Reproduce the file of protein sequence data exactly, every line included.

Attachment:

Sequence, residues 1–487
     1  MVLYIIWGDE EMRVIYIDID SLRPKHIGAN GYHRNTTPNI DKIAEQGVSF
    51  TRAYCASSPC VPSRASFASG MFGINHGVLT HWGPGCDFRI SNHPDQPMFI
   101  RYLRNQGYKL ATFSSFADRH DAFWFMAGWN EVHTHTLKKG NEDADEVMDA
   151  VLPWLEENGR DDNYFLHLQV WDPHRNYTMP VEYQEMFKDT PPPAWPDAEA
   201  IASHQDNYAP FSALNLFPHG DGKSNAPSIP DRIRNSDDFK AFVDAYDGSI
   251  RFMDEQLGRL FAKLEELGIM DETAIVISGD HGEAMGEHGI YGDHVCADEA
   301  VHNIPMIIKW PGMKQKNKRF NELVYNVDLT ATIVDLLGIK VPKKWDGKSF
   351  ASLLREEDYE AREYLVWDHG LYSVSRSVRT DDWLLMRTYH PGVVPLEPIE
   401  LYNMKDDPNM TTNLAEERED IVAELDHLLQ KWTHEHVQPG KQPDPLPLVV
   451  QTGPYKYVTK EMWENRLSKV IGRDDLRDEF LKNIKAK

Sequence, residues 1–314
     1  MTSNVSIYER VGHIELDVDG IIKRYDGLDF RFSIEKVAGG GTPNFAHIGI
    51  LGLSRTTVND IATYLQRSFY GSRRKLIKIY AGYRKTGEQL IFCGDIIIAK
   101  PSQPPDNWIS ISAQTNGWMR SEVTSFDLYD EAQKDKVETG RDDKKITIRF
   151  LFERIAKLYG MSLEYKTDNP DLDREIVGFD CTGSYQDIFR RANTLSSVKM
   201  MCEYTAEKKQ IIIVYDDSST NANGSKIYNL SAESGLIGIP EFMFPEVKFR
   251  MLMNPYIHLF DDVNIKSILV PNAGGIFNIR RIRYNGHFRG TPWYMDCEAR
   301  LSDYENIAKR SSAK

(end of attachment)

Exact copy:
Sequence, residues 1–487
     1  MVLYIIWGDE EMRVIYIDID SLRPKHIGAN GYHRNTTPNI DKIAEQGVSF
    51  TRAYCASSPC VPSRASFASG MFGINHGVLT HWGPGCDFRI SNHPDQPMFI
   101  RYLRNQGYKL ATFSSFADRH DAFWFMAGWN EVHTHTLKKG NEDADEVMDA
   151  VLPWLEENGR DDNYFLHLQV WDPHRNYTMP VEYQEMFKDT PPPAWPDAEA
   201  IASHQDNYAP FSALNLFPHG DGKSNAPSIP DRIRNSDDFK AFVDAYDGSI
   251  RFMDEQLGRL FAKLEELGIM DETAIVISGD HGEAMGEHGI YGDHVCADEA
   301  VHNIPMIIKW PGMKQKNKRF NELVYNVDLT ATIVDLLGIK VPKKWDGKSF
   351  ASLLREEDYE AREYLVWDHG LYSVSRSVRT DDWLLMRTYH PGVVPLEPIE
   401  LYNMKDDPNM TTNLAEERED IVAELDHLLQ KWTHEHVQPG KQPDPLPLVV
   451  QTGPYKYVTK EMWENRLSKV IGRDDLRDEF LKNIKAK

Sequence, residues 1–314
     1  MTSNVSIYER VGHIELDVDG IIKRYDGLDF RFSIEKVAGG GTPNFAHIGI
    51  LGLSRTTVND IATYLQRSFY GSRRKLIKIY AGYRKTGEQL IFCGDIIIAK
   101  PSQPPDNWIS ISAQTNGWMR SEVTSFDLYD EAQKDKVETG RDDKKITIRF
   151  LFERIAKLYG MSLEYKTDNP DLDREIVGFD CTGSYQDIFR RANTLSSVKM
   201  MCEYTAEKKQ IIIVYDDSST NANGSKIYNL SAESGLIGIP EFMFPEVKFR
   251  MLMNPYIHLF DDVNIKSILV PNAGGIFNIR RIRYNGHFRG TPWYMDCEAR
   301  LSDYENIAKR SSAK